In the “Making Things Easier” section of my blog post of the 26th September I looked at some things to think about to keep the depth dimension of a card small enough to go through the UK postal system on a standard stamp.  But perhaps you’ve decided not to keep the depth under 5mm to send it using an ordinary letter stamp, but rather to just keep it smaller than the Large Letter limit of up to: Length: 35.3cm, Width: 25cm, Thickness up to and including: 2.5cm, and use a Large Letter stamp (costing 69p currently at 2nd class).  But do you realise that if your card, in its envelope, weighs more than 100g the ordinary Large Letter stamp you can buy over the counter in lots of shops, not just the Post Office, isn’t enough? In fact, to post a Large Letter weighing between 101f and 250g costs £1.10 (and a bit more if sending by 1st class post).  So a jump of over 40p for what could be a few grams more.

So this is when it is important to be aware of weight as well as dimension when constructing a card, and if you’ve decided to go for a larger card in the first place, and forget keeping the depth very small, this is when a card is most likely to weigh in at more than 100g in its envelope – or envelobox if you’ve had to construct something deeper than an envelope to protect the embelishments from being crushed in the post.

So what can be done to keep the weight of a finished card low?

One thing to consider is gutting the middle out of card layers.  If most of a mat of cardstock or paper isn’t going to be visible on the finished card because something is covering it then cut the centre out of the layer just smaller than whatever is to go on top.  This not only means that the card will be a few grams lighter but also that you’ll have the piece of paper or cardstock left over to use as a mat on another card.  If a second layer can also be gutted in the same way then thats another piece to be used again and another grams less in weight.

I mentioned in my previous piece about using lighter weight cardstock or paper, where practical, to keep dimension down, but of course, if you drop from a 300gms to a 200gms cardstock for a flat mat you will have a card that’s a small number of grams lighter.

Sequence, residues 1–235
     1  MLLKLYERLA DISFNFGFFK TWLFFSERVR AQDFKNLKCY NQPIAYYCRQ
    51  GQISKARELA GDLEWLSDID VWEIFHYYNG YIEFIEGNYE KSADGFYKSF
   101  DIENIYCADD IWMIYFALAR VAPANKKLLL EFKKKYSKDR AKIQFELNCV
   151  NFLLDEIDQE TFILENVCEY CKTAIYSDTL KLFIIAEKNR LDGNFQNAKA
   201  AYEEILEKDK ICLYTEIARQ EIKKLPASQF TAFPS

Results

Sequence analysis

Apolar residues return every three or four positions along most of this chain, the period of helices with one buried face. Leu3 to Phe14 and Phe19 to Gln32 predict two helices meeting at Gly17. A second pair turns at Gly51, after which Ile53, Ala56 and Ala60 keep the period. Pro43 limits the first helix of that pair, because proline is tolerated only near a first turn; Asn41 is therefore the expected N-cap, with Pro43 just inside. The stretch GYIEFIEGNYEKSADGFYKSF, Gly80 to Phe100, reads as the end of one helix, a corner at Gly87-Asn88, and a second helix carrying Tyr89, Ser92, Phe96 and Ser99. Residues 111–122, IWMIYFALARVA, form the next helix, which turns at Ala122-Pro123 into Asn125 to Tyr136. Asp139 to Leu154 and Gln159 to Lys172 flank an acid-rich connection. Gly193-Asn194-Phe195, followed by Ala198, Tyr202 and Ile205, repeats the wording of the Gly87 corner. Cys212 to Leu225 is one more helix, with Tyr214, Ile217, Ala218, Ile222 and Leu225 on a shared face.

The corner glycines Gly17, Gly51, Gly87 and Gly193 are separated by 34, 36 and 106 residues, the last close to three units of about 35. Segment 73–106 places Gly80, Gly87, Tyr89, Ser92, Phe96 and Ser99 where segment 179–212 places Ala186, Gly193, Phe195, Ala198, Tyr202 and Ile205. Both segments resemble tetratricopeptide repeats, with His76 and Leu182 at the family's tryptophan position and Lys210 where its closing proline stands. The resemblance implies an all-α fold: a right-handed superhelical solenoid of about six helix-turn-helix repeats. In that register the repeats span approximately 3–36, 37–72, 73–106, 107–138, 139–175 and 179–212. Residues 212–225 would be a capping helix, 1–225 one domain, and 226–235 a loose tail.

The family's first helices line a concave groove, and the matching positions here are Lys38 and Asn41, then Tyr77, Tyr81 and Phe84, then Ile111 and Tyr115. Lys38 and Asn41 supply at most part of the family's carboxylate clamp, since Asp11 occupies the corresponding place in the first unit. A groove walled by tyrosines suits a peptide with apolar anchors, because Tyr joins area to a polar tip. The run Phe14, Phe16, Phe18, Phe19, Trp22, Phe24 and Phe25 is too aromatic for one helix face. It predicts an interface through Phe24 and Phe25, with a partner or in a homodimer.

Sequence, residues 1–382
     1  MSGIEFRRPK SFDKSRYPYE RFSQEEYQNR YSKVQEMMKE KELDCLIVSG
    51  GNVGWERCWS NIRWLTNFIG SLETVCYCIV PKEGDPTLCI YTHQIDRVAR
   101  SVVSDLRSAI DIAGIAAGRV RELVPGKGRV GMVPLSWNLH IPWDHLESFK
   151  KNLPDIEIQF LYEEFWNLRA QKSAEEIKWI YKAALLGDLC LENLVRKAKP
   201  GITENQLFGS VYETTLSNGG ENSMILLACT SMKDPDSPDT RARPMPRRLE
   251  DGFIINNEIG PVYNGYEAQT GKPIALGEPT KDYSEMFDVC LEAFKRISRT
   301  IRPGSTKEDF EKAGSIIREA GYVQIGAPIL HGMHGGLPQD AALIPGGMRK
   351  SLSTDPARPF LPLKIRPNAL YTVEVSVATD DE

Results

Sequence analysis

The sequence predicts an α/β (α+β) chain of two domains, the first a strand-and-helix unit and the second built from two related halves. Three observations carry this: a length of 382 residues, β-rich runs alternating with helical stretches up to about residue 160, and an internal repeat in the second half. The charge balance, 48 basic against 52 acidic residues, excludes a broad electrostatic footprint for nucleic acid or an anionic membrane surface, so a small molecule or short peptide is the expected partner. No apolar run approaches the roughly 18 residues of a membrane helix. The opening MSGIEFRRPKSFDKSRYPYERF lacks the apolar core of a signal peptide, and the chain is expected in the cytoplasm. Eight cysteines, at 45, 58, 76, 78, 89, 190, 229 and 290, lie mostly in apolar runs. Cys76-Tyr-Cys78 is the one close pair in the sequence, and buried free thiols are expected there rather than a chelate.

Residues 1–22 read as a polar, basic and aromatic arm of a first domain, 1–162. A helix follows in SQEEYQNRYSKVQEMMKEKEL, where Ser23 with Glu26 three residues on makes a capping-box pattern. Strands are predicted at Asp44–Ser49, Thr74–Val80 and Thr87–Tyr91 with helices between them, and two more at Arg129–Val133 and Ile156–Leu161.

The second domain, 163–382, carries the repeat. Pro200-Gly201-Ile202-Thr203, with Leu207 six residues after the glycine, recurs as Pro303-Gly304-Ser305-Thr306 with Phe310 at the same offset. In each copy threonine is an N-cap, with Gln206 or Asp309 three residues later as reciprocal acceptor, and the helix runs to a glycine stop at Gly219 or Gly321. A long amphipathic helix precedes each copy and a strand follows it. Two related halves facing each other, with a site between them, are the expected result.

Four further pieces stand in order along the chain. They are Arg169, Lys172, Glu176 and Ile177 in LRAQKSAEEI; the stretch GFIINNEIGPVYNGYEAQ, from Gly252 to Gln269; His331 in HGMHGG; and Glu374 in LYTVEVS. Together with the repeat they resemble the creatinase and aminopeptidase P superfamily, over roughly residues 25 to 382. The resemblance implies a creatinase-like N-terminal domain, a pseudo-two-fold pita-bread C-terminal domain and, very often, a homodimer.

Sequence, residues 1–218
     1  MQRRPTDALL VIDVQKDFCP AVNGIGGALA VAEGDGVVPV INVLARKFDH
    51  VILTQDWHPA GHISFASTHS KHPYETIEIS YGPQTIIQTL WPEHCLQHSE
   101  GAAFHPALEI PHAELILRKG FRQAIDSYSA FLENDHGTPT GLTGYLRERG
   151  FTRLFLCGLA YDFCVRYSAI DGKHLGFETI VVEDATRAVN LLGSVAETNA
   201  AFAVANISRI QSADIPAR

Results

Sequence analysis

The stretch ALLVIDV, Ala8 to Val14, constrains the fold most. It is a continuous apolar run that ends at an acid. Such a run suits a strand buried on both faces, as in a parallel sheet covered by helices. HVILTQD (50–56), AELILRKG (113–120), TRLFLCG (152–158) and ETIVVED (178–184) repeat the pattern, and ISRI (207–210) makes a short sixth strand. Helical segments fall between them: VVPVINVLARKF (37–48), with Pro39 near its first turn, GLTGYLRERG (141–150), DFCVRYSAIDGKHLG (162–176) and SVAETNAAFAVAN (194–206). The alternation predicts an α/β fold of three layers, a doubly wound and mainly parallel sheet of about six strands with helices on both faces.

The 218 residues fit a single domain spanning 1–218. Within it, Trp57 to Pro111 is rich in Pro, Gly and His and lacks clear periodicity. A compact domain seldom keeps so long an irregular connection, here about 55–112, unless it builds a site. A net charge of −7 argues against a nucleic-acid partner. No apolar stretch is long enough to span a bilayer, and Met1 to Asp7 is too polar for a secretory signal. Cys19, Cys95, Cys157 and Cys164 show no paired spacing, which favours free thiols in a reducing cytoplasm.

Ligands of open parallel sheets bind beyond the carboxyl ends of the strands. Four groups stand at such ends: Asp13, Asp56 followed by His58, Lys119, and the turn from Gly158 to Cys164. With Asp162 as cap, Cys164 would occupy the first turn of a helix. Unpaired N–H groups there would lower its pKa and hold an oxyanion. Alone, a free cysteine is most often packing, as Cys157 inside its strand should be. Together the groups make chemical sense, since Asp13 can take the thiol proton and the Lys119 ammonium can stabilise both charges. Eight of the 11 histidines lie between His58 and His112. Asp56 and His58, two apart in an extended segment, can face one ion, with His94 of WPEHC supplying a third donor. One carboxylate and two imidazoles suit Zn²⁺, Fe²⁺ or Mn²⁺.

Then there’s embelishments.  The heavier the embelishments the heavier the finished card, so think about the type and number of embelishments you use.  One or two metal embelishment may not push the weight of your card over the 100g limit to the next weight bracket, but three or four may.  And some metal embelishments and charms are more solid and weighty than others.  What I’ve found lately is Martha Stewart clay and molds.  This is a super lightweight clay that’s easy to work and air dries.  As well as the white it comes in an assorted colour pack as well, which has a guide on how to mix lots of other shades and colours.  The beauty of this clay is that it’s a paper based clay that can be coloured with things like ProMarkers, or gilding wax, or even brushed with glue and have gilding flakes put over.

If you are going to take your card to the Post Office and get it weighed and the proper stamp put on and not worry about the cost, or it’s being hand delivered, then fine – make your card as ornate and deorated as you like – but if you are going to post a card in the local post box with a Large Letter stamp on it, then be aware of the final weight and don’t suffer the embarasment of the recipient telling you in a few days time that they had to go and pay to receive the card.

(While some of the things I mention in my “Making Things Easier!” pieces are things I’ve worked out for myself, some are adaptations of things I’ve learnt from tips given by others. As others have been kind enough to share their tips I thought I’d do the same. I’m sure that most of my readers will already know much of what I’ve found makes things easier for me but if it helps one person at some point I’ll be happy.)



CUP Mailer – Here are the links to the mailers sent out by the team at CUP HQ since my last blog post:

  • Wednesday, 2nd October – Here! – 1000 Craft Videos, 1p Verse CD & All the latest Community News

Craftsuprint have a “Mailer Archive” where you can go to get links to mailers sent out over the last few months. This can be seen by clicking – here.


You can see my page on Facebook by clicking – here.

You can see the cards I’ve made using design sheets from CUP in my “Crafter Showcase Area” on Craftsuprint.com – here
(Just scroll down past the top boxes to see the cards.)

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(Thank you for reading this far. I hope you like what you’ve seen and read – You should find a box below where you can leave a comment if you feel like it – if you can’t see the comment box then there should be a link that says “Responses” and clicking on that will bring up the box but due to the fact that, like many I’m sure, I’ve had some problems with Spam/advertising posts that are absolutely nothing to do with the content of my blog, I now moderate all comments before they go live. Genuine comments will go live when I’ve checked through the list – usually a couple of times a day.)
(Thank you to every body who’s left comments on my previous blog posts. I really do appreciate them all.